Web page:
On the Saturday morning, Mr. Hawes did not see Dr. Goldsmith, as he was told that he was dozing. In the evening he found him very bad, with a quick and small pulse, and so far exhausted, that he seemed to have neither strength nor spirits to speak,' except to declare, with a 'deep figh, and in a very low voice, that he wilhed he had taken his friendly advice last (Friday) night! By the foc. tor's fervant Mr. H. was informed that his master had been vomiting all day, and purging frequently, but that' nevertheless he would make him give him James's Fever-powders." so that, says the Au. thor" he fill continued the use of the medicine, and of consequence it encreased in its pernicious operation, by which means the evacuations were continued for at least eighteen hours.'

On Sunday morning, as we are left to guess, from the Author's indefinite mode of exprefling himself, he found the Doctor much worfe, and that he had pailed a very bad night; 'having vomited

feveral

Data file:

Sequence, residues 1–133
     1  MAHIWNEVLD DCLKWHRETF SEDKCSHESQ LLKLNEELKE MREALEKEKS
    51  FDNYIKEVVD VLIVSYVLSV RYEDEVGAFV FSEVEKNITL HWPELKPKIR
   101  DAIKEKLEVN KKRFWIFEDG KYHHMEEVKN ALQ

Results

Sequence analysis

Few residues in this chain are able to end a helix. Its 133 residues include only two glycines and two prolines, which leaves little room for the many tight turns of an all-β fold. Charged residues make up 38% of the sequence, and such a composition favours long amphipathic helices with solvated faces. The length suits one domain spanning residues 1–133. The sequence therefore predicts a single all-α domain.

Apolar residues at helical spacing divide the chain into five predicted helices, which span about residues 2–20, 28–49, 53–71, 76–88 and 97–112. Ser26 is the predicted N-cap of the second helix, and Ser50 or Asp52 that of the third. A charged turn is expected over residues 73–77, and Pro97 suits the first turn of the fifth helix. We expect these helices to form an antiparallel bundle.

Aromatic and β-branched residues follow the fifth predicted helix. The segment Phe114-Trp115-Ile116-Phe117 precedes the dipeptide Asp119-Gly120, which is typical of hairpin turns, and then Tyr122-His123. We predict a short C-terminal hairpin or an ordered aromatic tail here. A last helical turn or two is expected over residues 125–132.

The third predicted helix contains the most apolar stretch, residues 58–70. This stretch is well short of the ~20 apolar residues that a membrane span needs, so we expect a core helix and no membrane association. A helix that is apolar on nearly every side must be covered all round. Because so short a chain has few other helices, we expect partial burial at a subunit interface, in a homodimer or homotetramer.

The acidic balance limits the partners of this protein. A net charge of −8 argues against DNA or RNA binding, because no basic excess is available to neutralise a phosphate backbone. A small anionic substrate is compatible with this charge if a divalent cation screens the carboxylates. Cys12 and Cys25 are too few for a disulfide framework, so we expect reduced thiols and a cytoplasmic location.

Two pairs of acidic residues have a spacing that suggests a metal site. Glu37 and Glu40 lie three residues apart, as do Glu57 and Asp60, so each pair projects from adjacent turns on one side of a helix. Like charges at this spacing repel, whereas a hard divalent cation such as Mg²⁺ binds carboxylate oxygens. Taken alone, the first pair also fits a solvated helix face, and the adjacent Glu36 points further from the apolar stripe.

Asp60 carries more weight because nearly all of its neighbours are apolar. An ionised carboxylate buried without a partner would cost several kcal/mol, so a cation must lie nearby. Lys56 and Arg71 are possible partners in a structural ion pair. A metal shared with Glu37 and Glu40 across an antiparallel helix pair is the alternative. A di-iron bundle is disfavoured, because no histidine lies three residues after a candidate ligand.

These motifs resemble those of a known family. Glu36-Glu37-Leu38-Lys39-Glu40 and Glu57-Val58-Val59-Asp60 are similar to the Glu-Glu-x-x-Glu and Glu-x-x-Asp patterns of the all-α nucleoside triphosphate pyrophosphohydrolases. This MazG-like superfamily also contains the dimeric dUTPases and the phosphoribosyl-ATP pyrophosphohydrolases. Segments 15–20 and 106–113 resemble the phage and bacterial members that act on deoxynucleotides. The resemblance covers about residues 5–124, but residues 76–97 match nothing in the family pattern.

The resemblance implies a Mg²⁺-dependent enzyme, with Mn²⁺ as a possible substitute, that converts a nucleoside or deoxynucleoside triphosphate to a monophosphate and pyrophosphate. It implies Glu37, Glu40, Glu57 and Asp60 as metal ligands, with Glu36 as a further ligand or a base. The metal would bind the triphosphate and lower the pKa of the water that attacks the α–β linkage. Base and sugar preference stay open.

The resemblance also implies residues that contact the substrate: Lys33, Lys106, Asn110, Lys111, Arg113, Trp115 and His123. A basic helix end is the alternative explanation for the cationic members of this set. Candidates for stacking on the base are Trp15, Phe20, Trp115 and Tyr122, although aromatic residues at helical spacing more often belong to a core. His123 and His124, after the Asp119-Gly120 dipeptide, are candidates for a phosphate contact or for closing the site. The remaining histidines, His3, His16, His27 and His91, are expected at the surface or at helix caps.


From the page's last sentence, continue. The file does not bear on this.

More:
several times, and had many loose ftools' — and lying absolutely funk with weakness. At the pressing solicitations of Mr. Hawes, exerted at the request of Dr. Fordyce, who' thought it righc to propose calling in another physician, as the patient would not follow his advice, and who hoped that by so doing, he would be convinced of the danger of his lituation, Dr. Turton was immediately joined in consultation. After this period, nothing more is here related concerning this case than that the two physicians regularly at., tended the patient 'twice a day till his death. This happened, as we are obliged to calculate from the public papers, about eight days afterwards.